Hide
        jbellis Jonathan Ellis added a comment -

        v3 fixes ITC byte arithmetic per Vijay's suggestion.

        ({{ | (input.readInt() << 4 >> 4)}} also works, but Vijay's version is simpler.

        Show
        jbellis Jonathan Ellis added a comment - v3 fixes ITC byte arithmetic per Vijay's suggestion. ({{ | (input.readInt() << 4 >> 4)}} also works, but Vijay's version is simpler.
        Hide
        jbellis Jonathan Ellis added a comment -

        v2 only sends low-order timestamp int.

        Show
        jbellis Jonathan Ellis added a comment - v2 only sends low-order timestamp int.
        Hide
        vijay2win@yahoo.com Vijay added a comment -

        What did you have in mind?

        I was talking about the lower part of the long where we have 2 billion milliseconds (2147483.648 seconds) to count which will give us enough to timeout... varint cannot save those 4 bytes because there is value in it. Makes sense? I should have been clear earlier.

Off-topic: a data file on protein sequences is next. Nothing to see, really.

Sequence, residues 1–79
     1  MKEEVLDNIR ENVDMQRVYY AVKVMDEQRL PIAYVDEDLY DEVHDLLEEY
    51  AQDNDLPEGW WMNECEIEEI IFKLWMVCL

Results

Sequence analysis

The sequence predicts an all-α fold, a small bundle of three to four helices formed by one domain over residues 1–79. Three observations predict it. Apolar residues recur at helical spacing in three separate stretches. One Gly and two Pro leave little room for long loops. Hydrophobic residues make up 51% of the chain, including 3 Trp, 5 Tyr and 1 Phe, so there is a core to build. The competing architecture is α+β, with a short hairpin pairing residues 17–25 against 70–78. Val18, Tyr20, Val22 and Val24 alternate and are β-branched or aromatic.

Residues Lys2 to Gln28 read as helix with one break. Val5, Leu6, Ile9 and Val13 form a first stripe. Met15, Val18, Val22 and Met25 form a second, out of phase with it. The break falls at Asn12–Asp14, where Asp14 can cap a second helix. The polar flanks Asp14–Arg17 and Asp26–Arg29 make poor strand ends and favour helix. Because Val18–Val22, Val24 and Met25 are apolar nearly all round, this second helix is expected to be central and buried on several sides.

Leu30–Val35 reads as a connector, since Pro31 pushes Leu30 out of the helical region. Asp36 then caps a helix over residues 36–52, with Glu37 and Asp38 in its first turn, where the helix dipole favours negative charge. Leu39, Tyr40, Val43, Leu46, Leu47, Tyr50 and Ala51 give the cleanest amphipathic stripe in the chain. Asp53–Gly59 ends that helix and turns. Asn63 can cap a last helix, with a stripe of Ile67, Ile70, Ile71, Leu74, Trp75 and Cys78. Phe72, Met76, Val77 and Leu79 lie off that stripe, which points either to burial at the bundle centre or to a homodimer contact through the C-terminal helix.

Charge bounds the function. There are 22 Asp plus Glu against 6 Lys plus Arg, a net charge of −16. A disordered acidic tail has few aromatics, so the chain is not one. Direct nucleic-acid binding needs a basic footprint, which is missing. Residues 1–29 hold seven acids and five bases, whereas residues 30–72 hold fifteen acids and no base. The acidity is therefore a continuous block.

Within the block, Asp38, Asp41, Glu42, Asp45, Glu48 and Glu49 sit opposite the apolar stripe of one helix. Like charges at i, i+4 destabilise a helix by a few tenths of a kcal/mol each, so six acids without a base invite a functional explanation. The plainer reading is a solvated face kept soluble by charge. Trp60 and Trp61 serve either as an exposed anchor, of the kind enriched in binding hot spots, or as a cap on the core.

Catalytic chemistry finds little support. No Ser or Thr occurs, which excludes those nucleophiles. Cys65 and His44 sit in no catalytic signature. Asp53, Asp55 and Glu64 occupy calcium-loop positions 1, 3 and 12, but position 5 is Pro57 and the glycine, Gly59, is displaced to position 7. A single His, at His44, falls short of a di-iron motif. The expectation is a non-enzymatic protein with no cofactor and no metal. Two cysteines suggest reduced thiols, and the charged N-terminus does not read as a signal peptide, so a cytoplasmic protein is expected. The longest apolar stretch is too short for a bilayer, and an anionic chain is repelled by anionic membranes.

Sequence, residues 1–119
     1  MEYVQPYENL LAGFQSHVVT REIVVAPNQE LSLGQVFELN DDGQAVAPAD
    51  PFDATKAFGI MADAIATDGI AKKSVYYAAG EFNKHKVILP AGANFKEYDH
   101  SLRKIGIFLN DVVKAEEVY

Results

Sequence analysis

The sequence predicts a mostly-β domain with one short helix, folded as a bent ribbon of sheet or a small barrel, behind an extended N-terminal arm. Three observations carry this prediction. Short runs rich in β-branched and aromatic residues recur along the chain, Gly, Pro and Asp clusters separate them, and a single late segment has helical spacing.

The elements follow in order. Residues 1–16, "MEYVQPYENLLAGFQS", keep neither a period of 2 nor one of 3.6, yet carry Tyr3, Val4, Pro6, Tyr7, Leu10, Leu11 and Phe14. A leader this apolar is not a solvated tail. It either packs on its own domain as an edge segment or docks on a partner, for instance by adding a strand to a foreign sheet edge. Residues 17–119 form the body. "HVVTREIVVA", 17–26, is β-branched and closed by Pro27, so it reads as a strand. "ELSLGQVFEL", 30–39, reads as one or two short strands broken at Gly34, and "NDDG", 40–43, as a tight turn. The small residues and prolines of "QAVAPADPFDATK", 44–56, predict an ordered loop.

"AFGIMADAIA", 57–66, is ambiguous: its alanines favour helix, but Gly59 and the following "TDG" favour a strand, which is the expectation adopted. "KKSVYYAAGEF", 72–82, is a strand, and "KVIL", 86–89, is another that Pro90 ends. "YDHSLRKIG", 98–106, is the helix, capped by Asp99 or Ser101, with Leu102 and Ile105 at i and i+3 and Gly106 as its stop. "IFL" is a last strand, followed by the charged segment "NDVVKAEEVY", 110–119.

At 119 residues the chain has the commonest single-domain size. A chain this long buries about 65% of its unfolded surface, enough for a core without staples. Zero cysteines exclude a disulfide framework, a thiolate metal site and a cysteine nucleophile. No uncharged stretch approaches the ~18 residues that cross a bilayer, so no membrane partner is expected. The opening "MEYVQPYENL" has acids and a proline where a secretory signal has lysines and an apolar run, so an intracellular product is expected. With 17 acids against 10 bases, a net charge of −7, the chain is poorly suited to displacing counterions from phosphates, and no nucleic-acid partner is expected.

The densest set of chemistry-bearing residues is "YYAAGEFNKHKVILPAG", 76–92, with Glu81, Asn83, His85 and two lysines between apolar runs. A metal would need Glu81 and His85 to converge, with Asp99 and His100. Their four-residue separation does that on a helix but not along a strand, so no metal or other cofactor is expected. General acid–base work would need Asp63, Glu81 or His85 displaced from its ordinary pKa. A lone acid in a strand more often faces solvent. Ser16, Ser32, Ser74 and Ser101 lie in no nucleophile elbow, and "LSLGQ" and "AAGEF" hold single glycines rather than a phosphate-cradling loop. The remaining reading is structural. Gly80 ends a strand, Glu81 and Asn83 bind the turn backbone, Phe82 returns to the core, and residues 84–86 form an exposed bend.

Show
        vijay2win@yahoo.com Vijay added a comment - What did you have in mind? I was talking about the lower part of the long where we have 2 billion milliseconds (2147483.648 seconds) to count which will give us enough to timeout... varint cannot save those 4 bytes because there is value in it. Makes sense? I should have been clear earlier.
        Hide
        jbellis Jonathan Ellis added a comment -

        Maybe just sending the Integer for timeout instead of long will save us some bandwidth

        What did you have in mind? milliseconds gets too large for an int in less than a year. Even 100ths of seconds do. Cutting to 10ths of a second seems like we're losing too much resolution.

        Show
        jbellis Jonathan Ellis added a comment - Maybe just sending the Integer for timeout instead of long will save us some bandwidth What did you have in mind? milliseconds gets too large for an int in less than a year. Even 100ths of seconds do. Cutting to 10ths of a second seems like we're losing too much resolution.
        Hide
        vijay2win@yahoo.com Vijay added a comment -

        +1
        Side Note (Can be ignored): Maybe just sending the Integer for timeout instead of long will save us some bandwidth

        Show
        vijay2win@yahoo.com Vijay added a comment - +1 Side Note (Can be ignored): Maybe just sending the Integer for timeout instead of long will save us some bandwidth